The agency is not, and has not been, without its critics. Breitbart Texas has reported about the abuses, problems, and overreach in the agency, particularly among CPS caseworkers and in foster care.
In 2014, the department approved new agency rules aimed at preventing deaths of children in CPS foster care, as reported by Breitbart Texas. The Council’s action came after the deaths of two year old Alexandria Hill and eleven month old Orien Hamilton. Both died of blunt-force head injuries suffered in foster and kinship homes. The homes were approved by child-placing agencies (CPAs) which were licensed by TDFPS. The Department licenses the 220 foster child-placing agencies that recruit, investigate, and train potential foster and kinship parents and monitor the placements once they become caregivers.
In March 2015, Breitbart Texas reported that Texas Governor Greg Abbott directed the DFPS to implement comprehensive reforms after three children died under the supervision of the department. The reforms were aimed at protecting future and current children under the agency’s care. Nine children died under DFPS’ watch during 2014.
In September, a CPS worker was found guilty of official oppression, as reported by Breitbart Texas. The CPS worker, Rebekah Ross Thonginh, is one of three individuals who were charged in connection with a CPS investigation of a case involving a special needs teenager who was murdered in 2012. Thonginh, Natalie Ausbie Reynolds, and Laura Ard were arrested in September of 2013 and were charged with official oppression and tampering with evidence. Critics say that more caseworkers should be investigated for their constitutional overreaches with parents, custodians, and guardians.
In 2014, a Texas judge ordered the removal of a YouTube video, which after highlighted in an article by Breitbart Texas, went viral with hundreds of thousands of views and shares. As reported by Breitbart Texas, Judge Keith Dean ordered the removal of a YouTube video produced by a 13-year-old boy that exposed the sexual and physical abuse that he and his brother and family say they endured while in CPS foster care. The video, obtained from someone outside of the family, also discusses the 377-day nightmare suffered by him and his six siblings after they were ripped from their family and placed in four different foster care facilities out of their home county. The mother told Breitbart Texas at the time “they are trying to rake this abuse under the rug.”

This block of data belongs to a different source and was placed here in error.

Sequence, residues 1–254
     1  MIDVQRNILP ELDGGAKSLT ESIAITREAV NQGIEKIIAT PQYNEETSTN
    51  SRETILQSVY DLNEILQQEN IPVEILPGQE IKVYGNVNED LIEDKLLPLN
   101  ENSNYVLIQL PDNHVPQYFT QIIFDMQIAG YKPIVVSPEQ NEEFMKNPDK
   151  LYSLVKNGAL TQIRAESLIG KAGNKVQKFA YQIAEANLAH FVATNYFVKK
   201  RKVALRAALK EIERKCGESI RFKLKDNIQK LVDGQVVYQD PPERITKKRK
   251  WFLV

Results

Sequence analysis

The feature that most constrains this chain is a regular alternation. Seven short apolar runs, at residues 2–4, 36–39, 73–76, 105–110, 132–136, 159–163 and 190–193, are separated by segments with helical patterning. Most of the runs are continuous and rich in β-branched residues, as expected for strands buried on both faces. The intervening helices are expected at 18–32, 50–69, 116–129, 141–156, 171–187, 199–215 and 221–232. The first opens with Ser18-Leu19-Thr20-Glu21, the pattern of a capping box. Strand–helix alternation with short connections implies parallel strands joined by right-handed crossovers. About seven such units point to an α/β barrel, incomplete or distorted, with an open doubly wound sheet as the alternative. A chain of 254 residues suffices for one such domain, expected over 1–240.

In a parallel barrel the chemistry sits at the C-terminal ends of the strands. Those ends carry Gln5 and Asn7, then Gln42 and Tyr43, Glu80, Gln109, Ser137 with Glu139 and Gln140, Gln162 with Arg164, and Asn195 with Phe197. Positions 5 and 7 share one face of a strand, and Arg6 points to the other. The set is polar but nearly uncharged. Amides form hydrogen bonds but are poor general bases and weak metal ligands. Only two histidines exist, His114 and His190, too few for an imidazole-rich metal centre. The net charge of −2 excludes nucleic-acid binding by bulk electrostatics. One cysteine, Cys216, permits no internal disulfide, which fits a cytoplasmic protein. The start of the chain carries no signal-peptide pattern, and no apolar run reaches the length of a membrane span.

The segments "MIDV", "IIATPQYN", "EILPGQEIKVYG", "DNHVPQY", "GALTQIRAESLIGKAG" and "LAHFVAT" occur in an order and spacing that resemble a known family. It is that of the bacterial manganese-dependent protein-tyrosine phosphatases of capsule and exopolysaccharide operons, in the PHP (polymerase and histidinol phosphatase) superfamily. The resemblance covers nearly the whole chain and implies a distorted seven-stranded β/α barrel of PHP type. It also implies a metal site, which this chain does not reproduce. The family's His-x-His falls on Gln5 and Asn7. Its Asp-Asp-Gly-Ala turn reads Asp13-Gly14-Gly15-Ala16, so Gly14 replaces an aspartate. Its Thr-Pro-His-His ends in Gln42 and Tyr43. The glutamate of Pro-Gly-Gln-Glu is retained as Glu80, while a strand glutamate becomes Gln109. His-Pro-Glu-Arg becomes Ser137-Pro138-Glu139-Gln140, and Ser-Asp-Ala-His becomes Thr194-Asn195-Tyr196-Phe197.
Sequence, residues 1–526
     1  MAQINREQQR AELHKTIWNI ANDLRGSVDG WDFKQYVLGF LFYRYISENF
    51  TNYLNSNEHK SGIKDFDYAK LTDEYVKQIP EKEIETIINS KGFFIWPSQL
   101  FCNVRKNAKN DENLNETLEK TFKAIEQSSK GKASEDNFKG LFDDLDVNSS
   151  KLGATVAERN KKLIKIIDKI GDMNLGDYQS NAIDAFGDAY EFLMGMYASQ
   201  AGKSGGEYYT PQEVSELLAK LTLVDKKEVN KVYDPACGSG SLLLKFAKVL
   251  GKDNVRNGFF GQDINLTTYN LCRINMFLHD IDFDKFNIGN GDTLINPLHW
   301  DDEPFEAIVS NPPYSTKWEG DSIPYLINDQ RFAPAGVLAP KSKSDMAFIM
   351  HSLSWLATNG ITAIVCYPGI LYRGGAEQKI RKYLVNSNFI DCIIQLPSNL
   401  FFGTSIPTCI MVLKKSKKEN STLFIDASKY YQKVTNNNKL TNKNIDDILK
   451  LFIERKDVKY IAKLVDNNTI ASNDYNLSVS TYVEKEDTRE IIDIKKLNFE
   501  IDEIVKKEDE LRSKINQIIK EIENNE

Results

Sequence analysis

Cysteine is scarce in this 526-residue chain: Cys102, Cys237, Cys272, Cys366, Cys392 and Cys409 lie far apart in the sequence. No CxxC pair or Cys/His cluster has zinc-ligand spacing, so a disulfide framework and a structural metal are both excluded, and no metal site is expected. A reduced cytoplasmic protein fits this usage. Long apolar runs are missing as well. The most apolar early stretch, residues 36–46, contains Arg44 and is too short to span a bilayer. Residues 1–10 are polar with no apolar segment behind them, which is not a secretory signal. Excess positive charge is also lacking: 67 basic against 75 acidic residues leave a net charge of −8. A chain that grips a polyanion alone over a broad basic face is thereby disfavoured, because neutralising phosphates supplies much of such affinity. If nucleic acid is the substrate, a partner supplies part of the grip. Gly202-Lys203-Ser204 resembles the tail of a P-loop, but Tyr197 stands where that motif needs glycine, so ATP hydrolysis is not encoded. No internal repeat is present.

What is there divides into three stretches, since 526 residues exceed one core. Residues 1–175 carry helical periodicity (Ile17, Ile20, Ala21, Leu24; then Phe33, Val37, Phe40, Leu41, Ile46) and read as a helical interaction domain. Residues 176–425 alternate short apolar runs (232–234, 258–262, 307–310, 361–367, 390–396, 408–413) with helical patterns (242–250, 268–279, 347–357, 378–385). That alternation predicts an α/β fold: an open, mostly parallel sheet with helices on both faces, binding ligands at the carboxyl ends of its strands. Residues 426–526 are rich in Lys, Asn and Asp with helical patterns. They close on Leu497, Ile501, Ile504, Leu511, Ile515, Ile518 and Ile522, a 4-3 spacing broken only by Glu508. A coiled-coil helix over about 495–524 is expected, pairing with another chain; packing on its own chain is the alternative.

A Children’s Advocacy group brought a class action lawsuit against CPS in December of 2014, as reported by Breitbart Texas. The class-action lawsuit was filed by a New York advocacy group called Children’s Rights. About 12,000 children were included in the class-action suit. These children were in long-term care in Texas.
The group successfully sought and received an order from U.S. District Judge Janis Graham Jack to have the State of Texas enact reforms for its children’s services. The judge ruled that the long-term foster care system is improperly run and is a place “where rape, abuse, psychotropic medication and instability are the norm,” as reported by the Dallas Morning News in December 2015. The judge noted that the DFPS and Judge Specia have “the best intentions” but the system is underfunded. She called the long-term foster care system in the state “broken.”
Lana Shadwick is a writer and legal analyst for Breitbart Texas. She has served as a prosecutor and associate judge. Follow her on Twitter @LanaShadwick2